In doing so it will of course not be helpful merely to assert – from your position of privilege – that you just do not see the prejudice which means it does not exist. It is never a good argument to tell those who actually experience racism, sexism, homophobia and class prejudice every day that their own experiences are just not true. Such an argument is no more than an attempt to assert your privilege by denying others their lived experience. More would be required.
But freedom of expression cannot thrive where people try to stop others from expressing their views merely because these views are unkind or strident, or because it casts you in a bad light.
Yes, this chaotic exchange of ideas, vigorous criticism and even the hurling of insults can be difficult to handle if you are insecure or uninformed. But it’s time we all buck-up and grow a backbone.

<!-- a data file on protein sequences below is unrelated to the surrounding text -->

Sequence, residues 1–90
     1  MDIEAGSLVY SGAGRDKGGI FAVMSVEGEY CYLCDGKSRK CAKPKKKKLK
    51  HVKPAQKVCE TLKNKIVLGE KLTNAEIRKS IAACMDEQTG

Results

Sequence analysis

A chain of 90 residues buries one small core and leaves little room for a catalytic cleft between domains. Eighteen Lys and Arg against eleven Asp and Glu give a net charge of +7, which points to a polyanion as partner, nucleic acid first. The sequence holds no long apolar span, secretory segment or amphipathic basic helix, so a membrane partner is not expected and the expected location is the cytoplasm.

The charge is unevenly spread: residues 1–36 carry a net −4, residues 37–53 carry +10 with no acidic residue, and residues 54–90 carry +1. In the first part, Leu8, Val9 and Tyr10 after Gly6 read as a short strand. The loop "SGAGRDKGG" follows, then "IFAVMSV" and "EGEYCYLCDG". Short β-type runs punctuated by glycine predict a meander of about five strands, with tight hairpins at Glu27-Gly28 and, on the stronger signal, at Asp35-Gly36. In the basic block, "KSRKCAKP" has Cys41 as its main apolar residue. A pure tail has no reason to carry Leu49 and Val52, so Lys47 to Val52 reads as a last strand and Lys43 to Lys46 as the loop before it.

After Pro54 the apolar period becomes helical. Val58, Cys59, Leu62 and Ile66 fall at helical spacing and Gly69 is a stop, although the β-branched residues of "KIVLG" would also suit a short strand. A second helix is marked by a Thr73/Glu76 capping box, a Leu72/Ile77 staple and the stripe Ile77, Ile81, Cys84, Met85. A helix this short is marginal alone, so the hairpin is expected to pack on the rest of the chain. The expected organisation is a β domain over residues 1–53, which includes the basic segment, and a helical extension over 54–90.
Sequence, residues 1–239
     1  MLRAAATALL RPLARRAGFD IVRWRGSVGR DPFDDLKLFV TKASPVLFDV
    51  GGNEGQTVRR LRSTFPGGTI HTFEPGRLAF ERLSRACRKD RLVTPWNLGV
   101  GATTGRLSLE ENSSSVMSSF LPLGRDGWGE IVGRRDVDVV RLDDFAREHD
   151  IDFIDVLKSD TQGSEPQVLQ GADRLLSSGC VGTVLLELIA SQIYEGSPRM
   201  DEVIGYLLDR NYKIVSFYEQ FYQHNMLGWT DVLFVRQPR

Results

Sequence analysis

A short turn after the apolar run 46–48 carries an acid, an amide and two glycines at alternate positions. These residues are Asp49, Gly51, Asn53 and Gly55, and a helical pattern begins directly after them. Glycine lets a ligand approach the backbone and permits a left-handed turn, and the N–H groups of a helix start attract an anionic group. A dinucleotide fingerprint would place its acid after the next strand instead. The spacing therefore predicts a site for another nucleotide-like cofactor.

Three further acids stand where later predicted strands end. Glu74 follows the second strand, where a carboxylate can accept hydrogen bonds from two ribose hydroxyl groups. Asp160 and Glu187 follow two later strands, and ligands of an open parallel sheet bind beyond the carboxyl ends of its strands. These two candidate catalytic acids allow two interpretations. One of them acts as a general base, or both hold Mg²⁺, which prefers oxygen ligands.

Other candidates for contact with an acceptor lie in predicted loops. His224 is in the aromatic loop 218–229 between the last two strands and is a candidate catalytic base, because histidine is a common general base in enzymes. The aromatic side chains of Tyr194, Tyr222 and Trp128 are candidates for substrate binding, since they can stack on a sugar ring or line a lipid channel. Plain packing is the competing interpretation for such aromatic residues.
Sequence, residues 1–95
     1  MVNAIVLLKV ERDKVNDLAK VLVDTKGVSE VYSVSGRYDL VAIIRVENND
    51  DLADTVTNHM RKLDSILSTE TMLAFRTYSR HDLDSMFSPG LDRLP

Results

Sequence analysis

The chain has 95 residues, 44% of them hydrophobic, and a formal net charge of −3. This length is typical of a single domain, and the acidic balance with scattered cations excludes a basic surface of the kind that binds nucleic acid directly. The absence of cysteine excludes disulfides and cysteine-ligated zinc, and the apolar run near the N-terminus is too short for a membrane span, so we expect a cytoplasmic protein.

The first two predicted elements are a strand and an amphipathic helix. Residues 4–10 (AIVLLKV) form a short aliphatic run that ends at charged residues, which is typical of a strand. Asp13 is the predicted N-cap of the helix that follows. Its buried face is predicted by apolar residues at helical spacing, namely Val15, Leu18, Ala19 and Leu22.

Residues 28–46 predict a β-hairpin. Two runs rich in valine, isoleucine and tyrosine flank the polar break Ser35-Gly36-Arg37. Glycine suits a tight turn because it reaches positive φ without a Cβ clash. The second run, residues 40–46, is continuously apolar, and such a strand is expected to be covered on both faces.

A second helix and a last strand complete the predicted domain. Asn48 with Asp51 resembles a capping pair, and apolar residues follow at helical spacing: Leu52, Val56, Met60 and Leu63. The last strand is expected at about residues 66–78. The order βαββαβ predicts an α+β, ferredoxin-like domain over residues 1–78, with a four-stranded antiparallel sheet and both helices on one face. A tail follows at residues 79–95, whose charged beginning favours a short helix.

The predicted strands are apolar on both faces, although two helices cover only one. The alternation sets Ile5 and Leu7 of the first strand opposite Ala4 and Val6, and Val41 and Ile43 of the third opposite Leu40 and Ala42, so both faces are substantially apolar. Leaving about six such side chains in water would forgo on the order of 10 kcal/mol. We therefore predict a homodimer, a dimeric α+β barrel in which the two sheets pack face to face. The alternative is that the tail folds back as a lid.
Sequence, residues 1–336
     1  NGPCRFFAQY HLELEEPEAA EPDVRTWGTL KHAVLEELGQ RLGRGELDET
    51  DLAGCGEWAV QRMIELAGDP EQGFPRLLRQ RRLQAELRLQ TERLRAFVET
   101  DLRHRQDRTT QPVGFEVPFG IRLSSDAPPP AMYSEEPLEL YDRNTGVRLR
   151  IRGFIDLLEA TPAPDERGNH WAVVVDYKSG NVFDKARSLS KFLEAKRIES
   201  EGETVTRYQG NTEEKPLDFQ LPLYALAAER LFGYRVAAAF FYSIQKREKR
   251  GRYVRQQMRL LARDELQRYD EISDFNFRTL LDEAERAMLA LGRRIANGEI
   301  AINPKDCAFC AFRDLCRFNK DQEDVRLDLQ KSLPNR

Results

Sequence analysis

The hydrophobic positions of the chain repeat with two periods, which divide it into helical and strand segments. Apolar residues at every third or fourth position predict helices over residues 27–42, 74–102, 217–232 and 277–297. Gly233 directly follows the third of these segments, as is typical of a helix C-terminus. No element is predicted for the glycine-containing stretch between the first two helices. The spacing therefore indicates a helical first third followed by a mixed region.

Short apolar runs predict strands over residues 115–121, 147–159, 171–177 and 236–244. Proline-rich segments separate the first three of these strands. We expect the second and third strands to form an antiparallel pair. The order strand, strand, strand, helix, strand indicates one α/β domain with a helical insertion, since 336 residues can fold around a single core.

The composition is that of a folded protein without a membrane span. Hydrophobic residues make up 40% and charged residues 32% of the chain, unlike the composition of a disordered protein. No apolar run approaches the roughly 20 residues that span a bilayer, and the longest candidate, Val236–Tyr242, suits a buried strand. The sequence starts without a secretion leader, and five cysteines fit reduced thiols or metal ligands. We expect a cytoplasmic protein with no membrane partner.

And how do I suggest we do that? Not by acting out your macho fantasies. Rather by reading more, by learning more about how other people feel and think, by being more self-critical and self-reflexive.
After all, few people who are confident of their own opinions – because they know their opinions are informed by sustained critical thought (and not inherited platitudes), copious reading (and not self-referential experience), and an ability to reflect on their own lives and the views of others (and not on the prejudices of their mates shared around the braaivleis fire) – will be intimidated by criticism or even vicious attacks by others. DM